The standing stones of Avebury form, by far, the largest of Britain's stone circles, with a diameter of nearly three-fourths of a mile. In addition, it is the only circle with a town inside it. Many of the stones that used to stand are missing, now, according to Stukeley: "fallen a sacrifice to the wretched ignorance and avarice of a little village unluckily plac'd within it." Apparently, the villagers used whatever was convenient to hand to build their roads or houses or barns or whatever.

Enough of the original stones are left standing to convey the impression that this was a site of major importance to the ancient peoples who lived in that area 4 millennia ago. Intersecting the southern margin of the circle is a double line of stones, known as the Avenue, presumably a processional way leading back to another stone circle, now vanished, known as the Sanctuary. Another avenue, known as the Beckhampton Avenue, leads away to the west. These are but the best known sites in the Avebury area. There are many other sites and phenomena worth investigating in this area that are beyond the scope of this article, such as ley lines, dolmens, quoits, white horses, wood henges, wells, sacred groves, barrows, altars, avenues, hills and earthworks. Together, all of the sites and structures in the area, formed a vast and impressive complex. No doubt, the individual monuments had a specific purpose and meaning and were intentionally arranged in such a way as to facilitate some larger practical or ritual purpose, important to the lives of the people long ago.

While we can't know exactly what was on the minds of the ancients, we can see that they were fully capable of performing amazing feats of planning, organization and engineering and were adept at design and architecture. For that, they are to be applauded, and we should be glad that we can still appreciate their handiwork, if only in part.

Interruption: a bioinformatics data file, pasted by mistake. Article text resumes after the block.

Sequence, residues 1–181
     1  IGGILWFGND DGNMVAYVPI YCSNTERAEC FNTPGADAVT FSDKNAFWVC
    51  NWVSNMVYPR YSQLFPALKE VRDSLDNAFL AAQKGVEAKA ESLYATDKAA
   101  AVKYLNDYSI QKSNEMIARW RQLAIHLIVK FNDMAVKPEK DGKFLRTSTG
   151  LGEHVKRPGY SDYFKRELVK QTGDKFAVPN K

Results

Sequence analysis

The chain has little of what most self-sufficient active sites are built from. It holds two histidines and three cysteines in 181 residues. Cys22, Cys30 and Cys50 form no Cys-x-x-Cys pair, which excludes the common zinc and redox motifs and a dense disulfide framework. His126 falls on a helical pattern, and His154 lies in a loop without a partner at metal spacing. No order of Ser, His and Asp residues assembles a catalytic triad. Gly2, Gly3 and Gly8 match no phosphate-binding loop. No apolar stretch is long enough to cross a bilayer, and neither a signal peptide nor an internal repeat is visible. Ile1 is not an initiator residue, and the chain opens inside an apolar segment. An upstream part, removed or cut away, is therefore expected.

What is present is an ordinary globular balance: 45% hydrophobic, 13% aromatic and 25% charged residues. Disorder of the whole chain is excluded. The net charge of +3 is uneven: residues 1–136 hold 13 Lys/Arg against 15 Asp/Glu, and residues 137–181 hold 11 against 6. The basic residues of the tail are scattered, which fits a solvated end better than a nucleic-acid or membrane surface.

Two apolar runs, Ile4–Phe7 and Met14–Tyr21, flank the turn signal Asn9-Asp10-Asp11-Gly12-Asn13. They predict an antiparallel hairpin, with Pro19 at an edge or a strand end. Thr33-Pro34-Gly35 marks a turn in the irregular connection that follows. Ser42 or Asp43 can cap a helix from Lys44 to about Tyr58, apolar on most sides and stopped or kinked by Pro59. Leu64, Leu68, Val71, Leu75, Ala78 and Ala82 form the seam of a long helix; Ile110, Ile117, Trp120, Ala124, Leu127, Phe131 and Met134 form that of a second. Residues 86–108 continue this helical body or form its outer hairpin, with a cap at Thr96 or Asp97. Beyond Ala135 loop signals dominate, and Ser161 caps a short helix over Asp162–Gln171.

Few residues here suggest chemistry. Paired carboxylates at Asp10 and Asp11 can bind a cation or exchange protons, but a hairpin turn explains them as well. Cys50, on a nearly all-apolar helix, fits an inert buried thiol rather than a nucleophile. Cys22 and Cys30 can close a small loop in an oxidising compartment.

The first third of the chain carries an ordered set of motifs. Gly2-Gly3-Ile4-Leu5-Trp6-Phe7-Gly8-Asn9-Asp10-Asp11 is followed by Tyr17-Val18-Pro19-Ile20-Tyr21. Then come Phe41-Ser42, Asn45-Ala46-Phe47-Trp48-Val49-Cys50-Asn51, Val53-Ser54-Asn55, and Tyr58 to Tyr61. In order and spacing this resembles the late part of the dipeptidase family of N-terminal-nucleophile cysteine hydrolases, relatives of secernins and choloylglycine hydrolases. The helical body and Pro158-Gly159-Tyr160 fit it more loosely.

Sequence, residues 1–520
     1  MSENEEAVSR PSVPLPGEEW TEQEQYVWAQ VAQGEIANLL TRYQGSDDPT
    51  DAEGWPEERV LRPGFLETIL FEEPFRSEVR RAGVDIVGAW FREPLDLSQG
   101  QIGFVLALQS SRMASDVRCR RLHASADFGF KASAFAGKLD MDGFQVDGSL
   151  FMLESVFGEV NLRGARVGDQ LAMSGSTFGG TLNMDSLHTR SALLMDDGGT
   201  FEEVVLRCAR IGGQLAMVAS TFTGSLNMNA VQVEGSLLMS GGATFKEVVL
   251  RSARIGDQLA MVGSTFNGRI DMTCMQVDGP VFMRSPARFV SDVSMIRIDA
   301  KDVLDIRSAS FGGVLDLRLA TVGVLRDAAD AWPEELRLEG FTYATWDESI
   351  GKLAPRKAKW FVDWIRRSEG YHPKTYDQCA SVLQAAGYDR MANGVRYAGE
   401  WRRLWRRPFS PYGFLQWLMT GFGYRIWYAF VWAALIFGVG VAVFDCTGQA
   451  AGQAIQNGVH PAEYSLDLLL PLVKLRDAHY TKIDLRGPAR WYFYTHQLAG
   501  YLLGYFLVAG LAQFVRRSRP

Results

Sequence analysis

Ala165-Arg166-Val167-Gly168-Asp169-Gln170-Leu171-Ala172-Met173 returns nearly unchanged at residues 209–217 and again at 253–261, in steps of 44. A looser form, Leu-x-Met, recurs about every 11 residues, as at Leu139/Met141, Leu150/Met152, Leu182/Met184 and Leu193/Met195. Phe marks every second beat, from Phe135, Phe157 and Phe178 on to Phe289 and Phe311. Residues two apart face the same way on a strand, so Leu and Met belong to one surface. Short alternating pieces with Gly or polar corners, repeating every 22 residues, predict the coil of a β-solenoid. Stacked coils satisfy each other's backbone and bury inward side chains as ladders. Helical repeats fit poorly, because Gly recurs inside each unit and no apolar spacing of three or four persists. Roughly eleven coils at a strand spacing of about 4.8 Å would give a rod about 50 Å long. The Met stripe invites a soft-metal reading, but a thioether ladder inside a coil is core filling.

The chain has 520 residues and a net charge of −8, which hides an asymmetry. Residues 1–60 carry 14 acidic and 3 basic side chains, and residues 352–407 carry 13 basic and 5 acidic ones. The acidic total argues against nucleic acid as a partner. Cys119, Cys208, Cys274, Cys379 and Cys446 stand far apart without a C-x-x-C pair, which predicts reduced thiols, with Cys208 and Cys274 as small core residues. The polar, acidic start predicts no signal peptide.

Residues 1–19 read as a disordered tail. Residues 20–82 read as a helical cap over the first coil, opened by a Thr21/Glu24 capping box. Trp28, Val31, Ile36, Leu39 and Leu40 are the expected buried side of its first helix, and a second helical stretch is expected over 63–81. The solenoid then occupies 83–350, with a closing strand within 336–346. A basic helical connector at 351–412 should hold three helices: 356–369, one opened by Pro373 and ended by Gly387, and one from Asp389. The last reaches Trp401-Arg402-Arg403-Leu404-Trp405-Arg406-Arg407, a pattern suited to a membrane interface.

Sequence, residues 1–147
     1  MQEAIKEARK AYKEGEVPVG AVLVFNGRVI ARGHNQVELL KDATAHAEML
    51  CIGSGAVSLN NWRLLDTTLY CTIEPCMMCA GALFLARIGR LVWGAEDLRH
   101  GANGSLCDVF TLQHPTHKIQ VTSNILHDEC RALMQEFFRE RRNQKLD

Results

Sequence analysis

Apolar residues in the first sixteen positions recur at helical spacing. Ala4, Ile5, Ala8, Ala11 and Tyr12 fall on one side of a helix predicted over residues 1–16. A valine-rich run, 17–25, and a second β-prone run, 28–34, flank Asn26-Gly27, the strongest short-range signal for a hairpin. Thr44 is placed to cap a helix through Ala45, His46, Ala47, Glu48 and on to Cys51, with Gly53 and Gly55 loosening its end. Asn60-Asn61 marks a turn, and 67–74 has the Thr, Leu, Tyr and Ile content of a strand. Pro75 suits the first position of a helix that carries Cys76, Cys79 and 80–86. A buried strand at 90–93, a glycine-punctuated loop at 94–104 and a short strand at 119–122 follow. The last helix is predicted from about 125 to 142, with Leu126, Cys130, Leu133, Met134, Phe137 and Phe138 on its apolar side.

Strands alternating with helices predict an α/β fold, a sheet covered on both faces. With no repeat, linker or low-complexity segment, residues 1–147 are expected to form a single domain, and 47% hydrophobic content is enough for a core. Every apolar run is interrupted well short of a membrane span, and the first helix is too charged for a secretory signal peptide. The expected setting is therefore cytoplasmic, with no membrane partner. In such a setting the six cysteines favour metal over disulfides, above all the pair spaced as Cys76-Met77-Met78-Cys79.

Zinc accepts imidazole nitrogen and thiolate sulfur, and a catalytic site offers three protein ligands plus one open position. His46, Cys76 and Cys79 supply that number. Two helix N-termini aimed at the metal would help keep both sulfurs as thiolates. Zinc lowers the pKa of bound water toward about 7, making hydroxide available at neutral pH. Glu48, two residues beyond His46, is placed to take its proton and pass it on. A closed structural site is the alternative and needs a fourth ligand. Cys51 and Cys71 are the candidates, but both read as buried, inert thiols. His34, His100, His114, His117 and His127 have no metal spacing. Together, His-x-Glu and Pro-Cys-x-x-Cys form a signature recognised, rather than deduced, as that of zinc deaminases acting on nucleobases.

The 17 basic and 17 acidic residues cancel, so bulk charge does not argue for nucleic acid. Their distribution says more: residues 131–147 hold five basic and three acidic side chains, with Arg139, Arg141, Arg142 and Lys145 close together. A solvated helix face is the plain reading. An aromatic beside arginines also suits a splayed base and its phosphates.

While in Avebury, there's no need to get completely lost in pre-history. You should visit the parish church of St. James, situated within the stone circle in a very pleasant district of town. It is a good example of the blending of architectural styles from different time periods. Portions of the windows have been dated to the first half of the eleventh century, before the Norman conquest. Parts of the nave and chancel are thirteenth century while the tower seems to be fifteenth century. The whole church was restored in the late nineteenth century, to its present fine condition. The neighboring manor house has several white peacocks in residence, and they will jump out at you when you least expect it. They're harmless, though, and add some spice to your visit.

Well, you've probably run the poor landlord dry of information, by now, so when you leave, remember to take along a Jar of Ale, a screw-topped, plastic jug that holds 4 pints of your favorite brew, freshly drawn from the barrel. Don't let it stand too long without refrigeration, though, because the "real ales" have no preservatives and you'll wind up with salad dressing in a day or, at the most, two.

Next stop: Malmesbury, Wiltshire